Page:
Building climate resilience

Developing an approach to climate-related risks doesn’t have to mean reinventing the wheel, according to ICMM's Verónica Martinez
Building climate resilience Building climate resilience Building climate resilience Building climate resilience Building climate resilience

Minerals and metals, such as copper, nickel and cobalt, are a key resource to support the decarbonisation of our energy and transport systems

Verónica Martinez

Over a two-day period in March 2015, many years' worth of rain fell in the Atacama desert - one of Earth's driest regions - resulting in catastrophic flooding that deeply affected local communities and mining sites in the area, including some of the world's leading copper and lithium operations.

The flooding tragically caused deaths, loss of homes and infrastructure damage in the region. It also forced mining companies to stop production for several days.

Extreme climate events like these are starting to become more frequent and more intense.

Often located in remote and climate-vulnerable areas, mining operations are being exposed to greater physical risks than many other economic sectors. Droughts, floods, storms and other climatic phenomena are latent threats and their associated risks, such as water supply stress and transport disruption, must be identified early by companies in order to properly address them in a timely manner, minimising negative economic, environmental and social impacts.

In addition to increasing physical risks to mining assets, climate change poses other challenges to the mining industry. If left unmanaged, the impacts of climate change can weaken a company's balance sheet through, for example, the need to need to make unplanned investments to adapt.

Strong risk management strategies that are sensitive to climate change are viewed more favourably by investors, who are placing ever-increasing emphasis on disclosing the management of climate risks. This is illustrated by the Task Force on Climate-related Financial Disclosures (TCFD), one of the leading initiatives from the investment sector, who have identified the disclosure of climate-related risks and risk management strategies as core to their recommendations.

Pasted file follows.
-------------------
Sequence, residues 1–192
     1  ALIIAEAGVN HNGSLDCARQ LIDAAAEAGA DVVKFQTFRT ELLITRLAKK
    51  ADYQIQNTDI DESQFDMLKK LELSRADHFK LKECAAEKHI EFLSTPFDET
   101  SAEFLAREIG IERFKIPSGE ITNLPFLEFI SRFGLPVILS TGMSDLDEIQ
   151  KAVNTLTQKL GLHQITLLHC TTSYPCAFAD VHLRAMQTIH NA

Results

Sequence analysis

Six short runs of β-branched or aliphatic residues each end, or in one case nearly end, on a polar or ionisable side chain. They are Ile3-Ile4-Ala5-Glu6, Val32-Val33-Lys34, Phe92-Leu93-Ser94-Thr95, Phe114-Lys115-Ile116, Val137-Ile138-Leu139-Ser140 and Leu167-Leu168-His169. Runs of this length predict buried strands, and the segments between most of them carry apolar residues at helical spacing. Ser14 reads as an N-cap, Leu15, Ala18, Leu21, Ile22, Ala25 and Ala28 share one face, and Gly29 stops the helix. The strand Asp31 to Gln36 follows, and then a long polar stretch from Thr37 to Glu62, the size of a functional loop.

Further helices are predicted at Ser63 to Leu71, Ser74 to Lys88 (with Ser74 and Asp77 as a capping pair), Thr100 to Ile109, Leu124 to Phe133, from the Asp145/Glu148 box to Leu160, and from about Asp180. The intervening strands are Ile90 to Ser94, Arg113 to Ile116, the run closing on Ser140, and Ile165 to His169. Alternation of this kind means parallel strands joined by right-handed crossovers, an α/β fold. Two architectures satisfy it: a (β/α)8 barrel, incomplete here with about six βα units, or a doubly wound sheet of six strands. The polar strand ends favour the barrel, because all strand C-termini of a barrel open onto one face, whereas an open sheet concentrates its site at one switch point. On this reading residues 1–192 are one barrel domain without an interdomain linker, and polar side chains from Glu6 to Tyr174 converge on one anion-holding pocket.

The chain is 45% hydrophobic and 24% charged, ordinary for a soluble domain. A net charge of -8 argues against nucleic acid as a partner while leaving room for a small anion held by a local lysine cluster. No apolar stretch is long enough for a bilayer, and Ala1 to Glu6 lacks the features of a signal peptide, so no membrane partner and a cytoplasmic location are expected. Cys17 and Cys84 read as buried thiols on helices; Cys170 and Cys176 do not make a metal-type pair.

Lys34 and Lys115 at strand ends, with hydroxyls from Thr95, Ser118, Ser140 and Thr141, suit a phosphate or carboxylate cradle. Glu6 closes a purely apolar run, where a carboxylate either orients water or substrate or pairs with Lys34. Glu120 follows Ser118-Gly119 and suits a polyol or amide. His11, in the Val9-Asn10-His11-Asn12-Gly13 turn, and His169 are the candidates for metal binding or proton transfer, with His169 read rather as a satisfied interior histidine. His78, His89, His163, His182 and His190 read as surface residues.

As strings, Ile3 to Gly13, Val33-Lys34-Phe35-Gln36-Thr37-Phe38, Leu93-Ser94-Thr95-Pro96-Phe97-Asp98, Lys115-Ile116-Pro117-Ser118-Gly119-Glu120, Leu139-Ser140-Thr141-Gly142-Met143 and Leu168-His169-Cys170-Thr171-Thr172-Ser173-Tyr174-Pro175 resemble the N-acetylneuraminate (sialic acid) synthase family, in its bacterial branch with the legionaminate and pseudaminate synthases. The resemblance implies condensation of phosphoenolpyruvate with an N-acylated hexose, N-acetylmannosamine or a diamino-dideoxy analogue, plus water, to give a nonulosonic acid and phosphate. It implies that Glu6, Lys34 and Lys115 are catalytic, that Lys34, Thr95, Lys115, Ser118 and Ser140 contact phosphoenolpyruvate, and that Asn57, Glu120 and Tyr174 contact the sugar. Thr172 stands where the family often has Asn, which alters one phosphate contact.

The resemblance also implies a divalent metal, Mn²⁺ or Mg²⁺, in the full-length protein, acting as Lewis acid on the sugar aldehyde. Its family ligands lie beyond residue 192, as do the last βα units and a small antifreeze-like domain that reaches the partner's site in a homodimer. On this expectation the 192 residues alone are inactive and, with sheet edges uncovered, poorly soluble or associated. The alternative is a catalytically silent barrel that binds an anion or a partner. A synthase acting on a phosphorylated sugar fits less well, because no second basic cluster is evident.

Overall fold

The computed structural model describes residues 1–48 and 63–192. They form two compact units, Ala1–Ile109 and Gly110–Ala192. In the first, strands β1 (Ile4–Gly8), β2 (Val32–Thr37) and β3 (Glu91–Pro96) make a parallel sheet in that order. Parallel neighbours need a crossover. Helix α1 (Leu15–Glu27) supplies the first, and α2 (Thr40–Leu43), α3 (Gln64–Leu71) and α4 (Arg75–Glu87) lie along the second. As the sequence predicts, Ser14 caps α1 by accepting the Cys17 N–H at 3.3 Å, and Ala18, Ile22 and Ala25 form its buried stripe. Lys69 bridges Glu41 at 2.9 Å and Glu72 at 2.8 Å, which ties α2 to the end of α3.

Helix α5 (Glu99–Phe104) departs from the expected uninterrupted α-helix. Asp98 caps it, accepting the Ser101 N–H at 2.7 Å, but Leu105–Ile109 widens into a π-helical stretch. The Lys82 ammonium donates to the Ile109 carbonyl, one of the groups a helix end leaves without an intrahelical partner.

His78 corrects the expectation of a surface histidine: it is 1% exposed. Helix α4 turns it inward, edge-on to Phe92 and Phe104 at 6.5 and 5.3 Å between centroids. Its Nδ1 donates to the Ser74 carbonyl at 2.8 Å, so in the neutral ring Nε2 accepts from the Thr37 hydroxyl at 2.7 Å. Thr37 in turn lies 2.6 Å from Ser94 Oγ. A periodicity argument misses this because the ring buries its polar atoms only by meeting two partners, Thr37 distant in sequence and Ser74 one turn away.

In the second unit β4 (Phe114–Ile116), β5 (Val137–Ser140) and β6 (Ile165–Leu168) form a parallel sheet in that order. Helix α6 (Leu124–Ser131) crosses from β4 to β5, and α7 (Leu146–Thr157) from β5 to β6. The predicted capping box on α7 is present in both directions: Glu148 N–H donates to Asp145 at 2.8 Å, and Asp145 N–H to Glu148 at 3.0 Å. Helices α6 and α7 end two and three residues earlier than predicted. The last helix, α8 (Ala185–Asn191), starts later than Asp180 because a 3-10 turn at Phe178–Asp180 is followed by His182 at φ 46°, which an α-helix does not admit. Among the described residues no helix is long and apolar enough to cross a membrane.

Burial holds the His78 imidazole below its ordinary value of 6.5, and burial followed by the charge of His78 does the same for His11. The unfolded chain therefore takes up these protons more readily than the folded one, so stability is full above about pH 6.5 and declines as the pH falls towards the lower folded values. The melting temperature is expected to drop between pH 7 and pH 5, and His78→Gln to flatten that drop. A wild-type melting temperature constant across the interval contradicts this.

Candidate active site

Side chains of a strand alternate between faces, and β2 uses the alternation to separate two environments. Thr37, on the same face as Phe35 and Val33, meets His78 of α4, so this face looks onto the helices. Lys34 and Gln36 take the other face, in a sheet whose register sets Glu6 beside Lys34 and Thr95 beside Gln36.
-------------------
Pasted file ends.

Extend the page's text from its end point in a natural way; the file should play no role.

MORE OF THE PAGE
The mining and metals industry has always faced the challenges of working in varied physical environments, and has well established methodologies, tools, data, resources and people in place to identify and manage related risks and opportunities. This experience puts the sector in a good position to integrate climate change drivers within existing risk management and planning procedures, but it also needs to be acknowledged that climate-related risks are multifaceted. They cut across virtually all components of the mining system and business units; that requires a more thorough approach. Improved corporate governance on climate change, multi-disciplinary teams, capacity building and early engagement with host communities and key stakeholders are all essential components of developing a comprehensive approach to climate-related risks and opportunities across the mining system.

ernica artinezVerónica Martinez

Corporate adaptation responses to climate change need to be flexible, given the natural uncertainties about future climate scenarios. Developing adaptation pathways with a modular and iterative approach can provide such flexibility to respond to changes in observed trends in climate and weather, changing risk profiles or external pressures. The pathways approach allows decision-makers to plan for, prioritise and stagger investment in adaptation options.

Steps to resilience

The International Council on Mining and Metals' (ICMM's) latest report, ‘Adapting to a Changing Climate: Building resilience in the mining and metals industry', proposes a step-wise process for identifying priority physical climate risks, with measures to address them. This is informed by the practical experiences of several of our member companies.

The process comprises seven steps:

  1. Define the scope - objectives, boundaries and specify the timescales;
  2. Understand the current situation - identify current vulnerability to weather and natural hazards, stakeholder positions and actions;
  3. Explore future climate scenarios - identify and use climate information;
  4. Assess climate risks and opportunities - identify critical climate-related thresholds and map risks;
  5. Identify risk management/adaptation options - stress test current options and identify new ones;
  6. Evaluate risk management/adaptation options - assess tools and methods and identify co-benefits; and
  7. Develop adaptation pathways - map out timing and linkages between actions.

Ultimately, this process emphasises the need to use observed and predicted climate data and scenarios to understand both current and potential future risks.

Global goals

Climate change is one of the critical global challenges of our time, and the transition to a low-carbon economy will require joint efforts from all parts of society.

Minerals and metals, such as copper, nickel and cobalt, are a key resource to support the decarbonisation of our energy and transport systems, allowing millions of people and companies access to clean and affordable energy. Building business resilience in the mining sector is not only important for the industry, it is also critical to achieve global sustainable development goals.


Verónica Martinez is senior programme officer at the International Council on Mining and Metals (ICMM)

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